The Telegraph
Since 1st March, 1999
Email This Page
On another quota, a rethink

New Delhi, May 21: The Centre is likely to go back on its commitment to providing a 25 per cent reservation of seats for children from weaker sections in private unaided primary schools.

Faced with protests from the private school lobby, the government is preparing to drop the quota clause from the free and compulsory education bill that has been in the pipeline for four years.

The move comes at a time when the human resource development ministry is seeking to introduce a bill to give 27 percent reservation to students of the other backward classes (OBC) in higher education institutions.

Both bills have a similar trajectory. The free and compulsory education bill will translate into action the government’s commitment in the 96th Constitutional Amendment Act to provide free education to all children in the 6-14 age group.

Similarly, the controversial bill for OBC reservation will fulfil the government’s commitment, made in the 93rd Constitutional Amendment Act, to introduce a quota for students from socially and educationally backward sections.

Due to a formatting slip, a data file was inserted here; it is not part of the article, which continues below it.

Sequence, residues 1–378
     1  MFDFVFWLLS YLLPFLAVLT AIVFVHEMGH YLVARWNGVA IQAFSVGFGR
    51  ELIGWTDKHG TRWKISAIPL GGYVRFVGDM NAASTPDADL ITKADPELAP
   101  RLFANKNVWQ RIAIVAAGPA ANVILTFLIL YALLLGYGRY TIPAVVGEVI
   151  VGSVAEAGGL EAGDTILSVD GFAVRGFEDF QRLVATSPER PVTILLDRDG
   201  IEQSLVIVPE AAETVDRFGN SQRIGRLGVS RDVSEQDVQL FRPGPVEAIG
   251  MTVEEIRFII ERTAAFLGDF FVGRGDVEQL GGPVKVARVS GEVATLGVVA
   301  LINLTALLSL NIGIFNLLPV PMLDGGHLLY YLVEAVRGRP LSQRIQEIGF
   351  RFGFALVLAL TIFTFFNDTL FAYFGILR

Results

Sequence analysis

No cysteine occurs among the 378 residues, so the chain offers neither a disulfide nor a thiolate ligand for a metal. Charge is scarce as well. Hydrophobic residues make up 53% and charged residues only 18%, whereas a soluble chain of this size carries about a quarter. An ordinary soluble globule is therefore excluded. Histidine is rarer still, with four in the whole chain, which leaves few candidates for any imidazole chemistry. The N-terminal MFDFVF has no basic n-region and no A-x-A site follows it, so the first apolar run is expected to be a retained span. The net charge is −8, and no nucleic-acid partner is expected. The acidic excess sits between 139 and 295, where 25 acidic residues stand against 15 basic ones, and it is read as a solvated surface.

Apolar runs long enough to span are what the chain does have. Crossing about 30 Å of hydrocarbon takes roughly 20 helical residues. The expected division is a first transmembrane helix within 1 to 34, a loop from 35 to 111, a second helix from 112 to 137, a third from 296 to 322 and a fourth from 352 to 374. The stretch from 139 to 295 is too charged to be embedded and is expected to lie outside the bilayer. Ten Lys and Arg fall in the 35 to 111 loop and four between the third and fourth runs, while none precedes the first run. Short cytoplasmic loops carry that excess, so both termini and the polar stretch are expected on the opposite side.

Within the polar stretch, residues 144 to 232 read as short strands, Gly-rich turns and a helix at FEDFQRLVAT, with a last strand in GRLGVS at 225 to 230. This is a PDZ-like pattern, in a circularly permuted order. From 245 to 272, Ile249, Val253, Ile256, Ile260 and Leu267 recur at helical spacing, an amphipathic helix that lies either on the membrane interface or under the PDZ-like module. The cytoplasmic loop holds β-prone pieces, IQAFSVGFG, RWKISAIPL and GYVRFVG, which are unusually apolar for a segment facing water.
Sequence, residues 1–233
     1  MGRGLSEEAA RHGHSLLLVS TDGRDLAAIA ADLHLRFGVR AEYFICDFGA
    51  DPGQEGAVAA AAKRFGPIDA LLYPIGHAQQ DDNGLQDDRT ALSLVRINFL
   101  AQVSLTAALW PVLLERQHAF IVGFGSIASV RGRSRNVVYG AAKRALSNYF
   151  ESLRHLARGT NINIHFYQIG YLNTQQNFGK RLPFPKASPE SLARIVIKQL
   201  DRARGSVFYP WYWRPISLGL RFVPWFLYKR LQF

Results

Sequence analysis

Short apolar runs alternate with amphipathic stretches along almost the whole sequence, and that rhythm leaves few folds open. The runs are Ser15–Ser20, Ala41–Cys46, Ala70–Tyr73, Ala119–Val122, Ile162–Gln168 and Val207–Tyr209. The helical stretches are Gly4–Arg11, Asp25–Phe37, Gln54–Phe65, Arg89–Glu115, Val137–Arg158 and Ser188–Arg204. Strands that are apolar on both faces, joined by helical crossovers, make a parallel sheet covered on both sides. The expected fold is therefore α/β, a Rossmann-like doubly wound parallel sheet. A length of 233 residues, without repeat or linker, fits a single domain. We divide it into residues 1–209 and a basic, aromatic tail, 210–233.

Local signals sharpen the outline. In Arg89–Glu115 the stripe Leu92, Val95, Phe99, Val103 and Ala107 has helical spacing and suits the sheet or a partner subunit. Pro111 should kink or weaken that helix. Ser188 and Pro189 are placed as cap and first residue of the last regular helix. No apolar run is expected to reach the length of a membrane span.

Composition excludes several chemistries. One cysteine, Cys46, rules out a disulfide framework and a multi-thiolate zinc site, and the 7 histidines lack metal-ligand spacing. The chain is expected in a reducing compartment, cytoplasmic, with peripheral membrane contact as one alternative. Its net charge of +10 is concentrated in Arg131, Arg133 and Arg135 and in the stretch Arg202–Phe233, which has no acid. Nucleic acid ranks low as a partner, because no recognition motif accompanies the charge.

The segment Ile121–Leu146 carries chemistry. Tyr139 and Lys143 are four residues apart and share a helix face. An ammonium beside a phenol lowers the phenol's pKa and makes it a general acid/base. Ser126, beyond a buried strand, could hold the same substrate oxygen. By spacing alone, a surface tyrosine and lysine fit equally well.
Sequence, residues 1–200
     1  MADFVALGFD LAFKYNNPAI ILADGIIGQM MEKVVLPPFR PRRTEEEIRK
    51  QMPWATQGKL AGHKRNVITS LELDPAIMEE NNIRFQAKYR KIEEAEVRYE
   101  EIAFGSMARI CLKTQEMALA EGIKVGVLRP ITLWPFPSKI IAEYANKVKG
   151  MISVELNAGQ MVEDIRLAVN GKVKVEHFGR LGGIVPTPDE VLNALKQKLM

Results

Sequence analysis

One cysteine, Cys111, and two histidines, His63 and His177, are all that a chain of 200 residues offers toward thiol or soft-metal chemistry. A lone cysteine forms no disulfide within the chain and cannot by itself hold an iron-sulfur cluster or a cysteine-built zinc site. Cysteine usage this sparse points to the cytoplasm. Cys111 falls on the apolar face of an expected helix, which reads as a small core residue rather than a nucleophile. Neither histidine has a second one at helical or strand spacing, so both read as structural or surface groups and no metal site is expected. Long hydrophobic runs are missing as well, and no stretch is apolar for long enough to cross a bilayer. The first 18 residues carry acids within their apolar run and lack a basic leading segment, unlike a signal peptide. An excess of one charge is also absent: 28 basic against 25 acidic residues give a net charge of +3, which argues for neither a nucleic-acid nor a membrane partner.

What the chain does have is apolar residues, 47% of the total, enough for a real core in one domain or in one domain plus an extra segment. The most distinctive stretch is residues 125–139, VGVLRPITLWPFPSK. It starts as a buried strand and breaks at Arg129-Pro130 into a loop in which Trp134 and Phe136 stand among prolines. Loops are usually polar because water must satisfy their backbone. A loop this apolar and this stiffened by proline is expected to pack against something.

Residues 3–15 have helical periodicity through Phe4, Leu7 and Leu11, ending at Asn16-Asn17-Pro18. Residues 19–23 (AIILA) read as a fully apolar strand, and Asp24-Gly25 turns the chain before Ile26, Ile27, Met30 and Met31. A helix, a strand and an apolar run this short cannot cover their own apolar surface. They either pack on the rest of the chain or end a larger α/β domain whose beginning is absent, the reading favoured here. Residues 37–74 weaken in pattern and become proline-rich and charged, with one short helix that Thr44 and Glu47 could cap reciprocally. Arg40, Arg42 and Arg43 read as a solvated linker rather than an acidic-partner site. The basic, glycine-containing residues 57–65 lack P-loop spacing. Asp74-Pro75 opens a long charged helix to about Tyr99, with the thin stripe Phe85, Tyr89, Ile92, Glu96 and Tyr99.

The question of a quota in government schools does not arise since they tend to get children primarily from weaker sections in any case.

Private schools have been lobbying with the government to get the clause scrapped. They argue that children from weaker sections will find it difficult to cope with the syllabus. Their backgrounds will be very different from those that usually study in these schools, causing a mismatch the authorities will have trouble coping with.

It is also true that if these schools were to make space for underprivileged children, they would have to accept loss of some income.

Members of the Central Advisory Board of Education (CABE), a body that helped draw up the bill, say they will not allow the government to scrap the quota.

There have been precedents, however, of the private school lobby getting its way with the government and the examination boards.

Recently, the Central Board of Secondary Education left it to the discretion of private schools to give free education to a girl if she were the only child of her parents. But it was made mandatory for government schools.

Barring a few, most Delhi schools have reneged on their commitment to keeping a 15 per cent quota for children from poor families. The commitment was part of the understanding with the Delhi government that gave them land at a concessional rate.

Email This Page